Mayor Keith Gaskin began Wednesday’s final public hearing for the Fiscal Year 2022 budget contrite.
A $1.5 million clerical error discovered in the original version of the budget presented to the city council a week before sent city administration back to the drawing board. While the final draft before the council was balanced, Gaskin characterized it as “not healthy” and with “not a lot of cash flow.”
He first took full responsibility for the error — discovered Monday, leaving the city 48 hours to fix it before the state-mandated deadline for the council to approve it — and apologized.
“We’re back today in a very different place than we were last week,” Gaskin said. “There’s no one to blame for that but me. I am the mayor. My eyes were the last ones to see the budget before it went to the council. It’s my responsibility to make sure the budget was in place properly for them to review and make comments on. … There should be no finger-pointing at the council.
“It can be intimidating to try to wade through a large government document filled with obscure documents and confusing charts,” he added. “But that is our responsibility, and we are doing it. Obviously, not perfectly but we are working extremely hard to get it right.”
Ultimately, the council approved, by a vote of 4-1, a near $24 million budget for next fiscal year with a projected surplus of $163,878.
Gone from the final draft were pay raises that had been discussed, as well as planned equipment purchases and facility maintenance across nearly all departments.
For all its last-minute cuts, interim Chief Operations Officer Mark Alexander Jr. told the council the budget is manageable.
“Can the city live by this budget? Absolutely,” he said. “In many cases, it’s more than the budget that they had and exist on right now on a departmental level.”
Ward 1 Councilwoman Ethel Stewart was the lone vote against the budget. Ward 5’s Stephen Jones was absent.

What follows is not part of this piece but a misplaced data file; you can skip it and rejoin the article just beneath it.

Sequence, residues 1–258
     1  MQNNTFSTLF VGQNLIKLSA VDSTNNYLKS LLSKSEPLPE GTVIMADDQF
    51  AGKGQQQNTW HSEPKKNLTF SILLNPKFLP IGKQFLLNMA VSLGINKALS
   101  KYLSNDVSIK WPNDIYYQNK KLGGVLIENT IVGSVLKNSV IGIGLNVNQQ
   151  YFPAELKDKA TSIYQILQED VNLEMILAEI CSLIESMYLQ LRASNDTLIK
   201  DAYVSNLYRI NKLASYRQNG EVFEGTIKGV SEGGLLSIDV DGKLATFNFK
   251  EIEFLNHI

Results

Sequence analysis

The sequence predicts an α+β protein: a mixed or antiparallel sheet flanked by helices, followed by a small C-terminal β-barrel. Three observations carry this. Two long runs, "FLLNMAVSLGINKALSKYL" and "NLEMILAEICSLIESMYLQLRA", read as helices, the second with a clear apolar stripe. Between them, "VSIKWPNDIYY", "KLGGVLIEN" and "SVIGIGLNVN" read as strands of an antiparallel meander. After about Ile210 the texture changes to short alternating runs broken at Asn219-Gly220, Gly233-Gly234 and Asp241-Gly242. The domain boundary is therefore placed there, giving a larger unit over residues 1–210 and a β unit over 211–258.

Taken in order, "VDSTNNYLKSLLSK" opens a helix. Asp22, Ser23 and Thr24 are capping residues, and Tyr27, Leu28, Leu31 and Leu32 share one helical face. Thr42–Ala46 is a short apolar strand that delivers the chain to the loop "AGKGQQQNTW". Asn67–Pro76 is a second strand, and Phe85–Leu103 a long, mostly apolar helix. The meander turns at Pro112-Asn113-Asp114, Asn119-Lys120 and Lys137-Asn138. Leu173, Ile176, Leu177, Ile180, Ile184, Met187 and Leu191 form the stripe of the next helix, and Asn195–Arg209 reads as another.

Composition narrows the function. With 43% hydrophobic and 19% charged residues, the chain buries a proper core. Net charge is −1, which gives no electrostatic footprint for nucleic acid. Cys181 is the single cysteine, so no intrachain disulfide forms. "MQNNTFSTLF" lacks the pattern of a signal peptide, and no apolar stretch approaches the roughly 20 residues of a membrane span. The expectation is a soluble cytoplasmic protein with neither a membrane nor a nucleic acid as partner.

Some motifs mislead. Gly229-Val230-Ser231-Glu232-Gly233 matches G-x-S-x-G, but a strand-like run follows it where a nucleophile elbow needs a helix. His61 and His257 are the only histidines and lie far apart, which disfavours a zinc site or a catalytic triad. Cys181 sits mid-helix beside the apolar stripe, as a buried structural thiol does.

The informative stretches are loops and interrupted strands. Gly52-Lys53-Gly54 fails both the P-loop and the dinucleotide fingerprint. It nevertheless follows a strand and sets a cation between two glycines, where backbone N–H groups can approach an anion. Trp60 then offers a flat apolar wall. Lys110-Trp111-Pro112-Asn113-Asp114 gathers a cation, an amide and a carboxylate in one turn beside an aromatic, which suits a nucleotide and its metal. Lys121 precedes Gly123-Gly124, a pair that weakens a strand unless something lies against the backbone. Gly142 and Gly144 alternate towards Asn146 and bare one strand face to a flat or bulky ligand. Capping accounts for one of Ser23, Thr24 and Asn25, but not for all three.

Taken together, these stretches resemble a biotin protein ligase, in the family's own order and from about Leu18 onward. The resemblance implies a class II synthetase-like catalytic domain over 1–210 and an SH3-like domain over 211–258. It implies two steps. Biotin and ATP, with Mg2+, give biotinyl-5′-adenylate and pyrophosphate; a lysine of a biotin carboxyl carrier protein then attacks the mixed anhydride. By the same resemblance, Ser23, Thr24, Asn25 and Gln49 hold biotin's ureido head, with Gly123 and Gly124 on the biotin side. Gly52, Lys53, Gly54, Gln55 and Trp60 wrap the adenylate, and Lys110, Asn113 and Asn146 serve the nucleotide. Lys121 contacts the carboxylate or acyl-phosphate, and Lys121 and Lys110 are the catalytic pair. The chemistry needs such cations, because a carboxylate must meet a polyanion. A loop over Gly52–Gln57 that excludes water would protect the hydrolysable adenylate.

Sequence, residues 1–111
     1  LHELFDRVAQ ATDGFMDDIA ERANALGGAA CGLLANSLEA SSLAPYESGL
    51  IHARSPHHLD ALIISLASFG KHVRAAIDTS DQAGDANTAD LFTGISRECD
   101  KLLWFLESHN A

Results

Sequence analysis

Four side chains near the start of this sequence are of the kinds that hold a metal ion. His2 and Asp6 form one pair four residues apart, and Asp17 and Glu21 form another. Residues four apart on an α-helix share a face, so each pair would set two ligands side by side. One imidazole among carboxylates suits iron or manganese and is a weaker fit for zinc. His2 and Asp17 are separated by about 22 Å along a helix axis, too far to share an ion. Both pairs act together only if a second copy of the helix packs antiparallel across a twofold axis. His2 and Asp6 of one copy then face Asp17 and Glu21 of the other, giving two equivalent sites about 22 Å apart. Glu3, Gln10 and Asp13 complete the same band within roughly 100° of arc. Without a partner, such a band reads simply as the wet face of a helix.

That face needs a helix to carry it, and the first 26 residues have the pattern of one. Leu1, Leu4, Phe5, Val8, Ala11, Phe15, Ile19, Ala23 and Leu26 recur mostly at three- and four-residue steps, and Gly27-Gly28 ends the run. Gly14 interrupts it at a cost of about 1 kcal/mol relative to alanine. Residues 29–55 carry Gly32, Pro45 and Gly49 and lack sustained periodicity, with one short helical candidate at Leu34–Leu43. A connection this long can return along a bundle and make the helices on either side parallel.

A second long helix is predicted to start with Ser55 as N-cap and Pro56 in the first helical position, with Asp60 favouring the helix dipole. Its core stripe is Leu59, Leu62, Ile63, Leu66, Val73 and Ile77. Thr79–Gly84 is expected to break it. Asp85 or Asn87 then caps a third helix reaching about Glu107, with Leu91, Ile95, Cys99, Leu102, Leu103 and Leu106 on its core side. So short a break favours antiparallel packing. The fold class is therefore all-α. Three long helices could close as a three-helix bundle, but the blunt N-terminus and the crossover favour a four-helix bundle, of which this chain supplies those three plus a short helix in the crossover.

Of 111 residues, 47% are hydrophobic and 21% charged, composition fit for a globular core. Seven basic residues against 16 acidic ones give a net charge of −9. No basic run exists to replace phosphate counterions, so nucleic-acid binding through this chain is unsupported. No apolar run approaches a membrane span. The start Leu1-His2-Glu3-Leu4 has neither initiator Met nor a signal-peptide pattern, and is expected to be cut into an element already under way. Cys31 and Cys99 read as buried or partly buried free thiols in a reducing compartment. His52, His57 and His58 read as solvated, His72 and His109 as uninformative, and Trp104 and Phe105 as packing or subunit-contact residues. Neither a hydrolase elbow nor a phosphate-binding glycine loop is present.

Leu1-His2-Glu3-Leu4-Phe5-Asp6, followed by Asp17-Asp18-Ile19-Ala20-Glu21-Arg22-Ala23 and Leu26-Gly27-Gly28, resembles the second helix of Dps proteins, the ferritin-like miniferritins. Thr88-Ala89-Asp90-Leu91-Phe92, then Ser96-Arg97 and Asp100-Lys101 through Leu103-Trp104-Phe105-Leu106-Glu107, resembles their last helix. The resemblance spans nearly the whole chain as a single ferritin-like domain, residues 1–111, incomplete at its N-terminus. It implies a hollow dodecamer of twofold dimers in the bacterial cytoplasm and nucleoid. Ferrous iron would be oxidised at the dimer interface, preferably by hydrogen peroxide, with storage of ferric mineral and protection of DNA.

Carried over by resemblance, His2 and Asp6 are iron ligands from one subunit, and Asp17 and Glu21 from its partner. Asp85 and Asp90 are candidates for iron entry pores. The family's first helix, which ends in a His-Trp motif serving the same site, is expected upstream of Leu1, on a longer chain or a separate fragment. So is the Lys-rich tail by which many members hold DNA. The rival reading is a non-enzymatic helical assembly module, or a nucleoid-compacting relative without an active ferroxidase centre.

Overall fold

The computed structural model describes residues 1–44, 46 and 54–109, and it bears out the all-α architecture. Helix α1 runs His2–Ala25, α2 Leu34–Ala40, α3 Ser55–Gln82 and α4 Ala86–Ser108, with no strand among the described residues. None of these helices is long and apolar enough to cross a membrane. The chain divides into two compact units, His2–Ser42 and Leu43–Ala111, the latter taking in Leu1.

Gaskin announced at the meeting Jones had to recuse himself from budget discussions and votes because his sister is employed with the city.
However, Jones attended and participated in past years’ budget discussions, as he did the first budget hearing Sept. 8 for next fiscal year.
The error and the changes
Originally, city administration crafted a budget with a nearly $550,000 projected surplus — money the council had hoped to use toward targeted employee raises.
But on Monday, Alexander discovered while solid waste revenue had been tallied for the budgeted total, more than $1.5 million in projected solid waste expenses had been omitted, meaning that budget was inadvertently hiding what would have been a more than a $1.06 million deficit.
In the approved version, some of the biggest-ticket items trimmed were $235,000 for digital radios for the police department to replace its antiquated analog devices and $160,000 for new self-contained breathing apparatus units for the fire department.
Equipment for parks and recreation and public works was removed, as well as planned repairs to convention center and parks facilities.
The budget left in money to re-roof the municipal complex, but it cut roofing plans for the adjacent former strip mall property the city owns and houses offices.
“We took the big things out that the city has not (historically) done well planning for — capital improvements, equipment, deferred maintenance cost,” Alexander said.